Accepted paper:

Political subjectivity and social stratification: Baku and Luanda in comparative perspective

Authors:

Tristam Barrett (Max Planck Institute for Social Anthropology)

Paper short abstract:

This paper investigates the political subjectivities of different social classes in Baku and Luanda, and puts them into comparative perspective with the cases presented by other panelists.

Paper long abstract:

As in the cases of Maputo, Caracas, and Luanda – discussed by the other panelists – the oil-boom economy of present-day Baku, Azerbaijan, is effecting a large-scale economic transformation within the city, and correspondingly new forms of social stratification have emerged. Those who participate in the new economy of oil and related booming sectors (construction, real estate, finance, public administration) form a burgeoning middle class with new expectations and possibilities for meeting them. On the other hand, those who remain either within the continuing economy of post-socialism or on the margins of the new economy – or whose social position within the previous order of things has been eroded – maintain an altogether different set of dispositions and attitudes to life, and accordingly, to the political. But despite the seeming commonalities, patterns of class formation and their implications may differ in each context. In this paper we present findings on social stratification and political dispositions from our separate field research in Baku and Luanda. We seek to draw together common threads between these findings and those of other panelists, to begin to formulate the grounds for a comparative perspective on the issues investigated in this panel. We know that oil affects cultural understandings of authority, value, and everyday life [cf. Coroníl's “The Magical State” and Apter's "The Pan-African Nation”]. But does it affect all classes in the same way? What differences exist between the political attitudes and dispositions of the new middle classes, and other marginal (and marginalised) groups in oil-rich states? In what ways do these groups construe political authority, and how do their attitudes and dispositions ultimately help perpetuate the very different political imaginaries that sustain these states? Are there significant homologies across each of our case-studies? And what effect do the very different historical legacies of these countries have on these questions? In seeking to answer these questions, we hope to find the grounds for a rich comparative debate on the nature of political subjectivity in resource-rich authoritarian states.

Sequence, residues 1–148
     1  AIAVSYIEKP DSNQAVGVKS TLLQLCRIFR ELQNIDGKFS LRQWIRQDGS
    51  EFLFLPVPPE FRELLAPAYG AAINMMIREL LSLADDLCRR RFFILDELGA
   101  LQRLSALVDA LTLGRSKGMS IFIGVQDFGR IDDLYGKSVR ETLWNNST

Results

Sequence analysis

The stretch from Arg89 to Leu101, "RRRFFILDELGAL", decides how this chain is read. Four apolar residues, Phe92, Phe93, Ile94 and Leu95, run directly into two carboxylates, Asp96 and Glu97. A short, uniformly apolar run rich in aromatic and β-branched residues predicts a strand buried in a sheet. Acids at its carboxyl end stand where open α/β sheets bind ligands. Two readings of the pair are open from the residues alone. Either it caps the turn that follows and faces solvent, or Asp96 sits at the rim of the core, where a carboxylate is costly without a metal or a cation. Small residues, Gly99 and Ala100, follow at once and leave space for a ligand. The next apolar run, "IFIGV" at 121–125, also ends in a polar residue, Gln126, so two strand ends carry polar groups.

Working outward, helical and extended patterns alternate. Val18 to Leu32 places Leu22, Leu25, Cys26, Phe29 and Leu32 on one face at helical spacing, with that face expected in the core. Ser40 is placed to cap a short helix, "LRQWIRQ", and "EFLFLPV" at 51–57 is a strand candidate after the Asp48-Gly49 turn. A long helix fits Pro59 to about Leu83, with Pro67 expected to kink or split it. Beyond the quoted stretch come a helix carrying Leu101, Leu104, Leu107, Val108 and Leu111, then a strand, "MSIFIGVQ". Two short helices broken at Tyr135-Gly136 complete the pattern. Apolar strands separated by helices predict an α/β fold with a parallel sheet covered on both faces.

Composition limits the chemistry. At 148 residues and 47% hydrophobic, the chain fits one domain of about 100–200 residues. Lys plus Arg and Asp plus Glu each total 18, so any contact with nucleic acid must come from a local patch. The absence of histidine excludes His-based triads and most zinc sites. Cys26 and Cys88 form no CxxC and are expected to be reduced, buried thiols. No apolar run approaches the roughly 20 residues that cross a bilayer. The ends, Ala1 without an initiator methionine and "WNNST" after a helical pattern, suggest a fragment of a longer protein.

panel P19
Political subjectivities in resource-rich authoritarian countries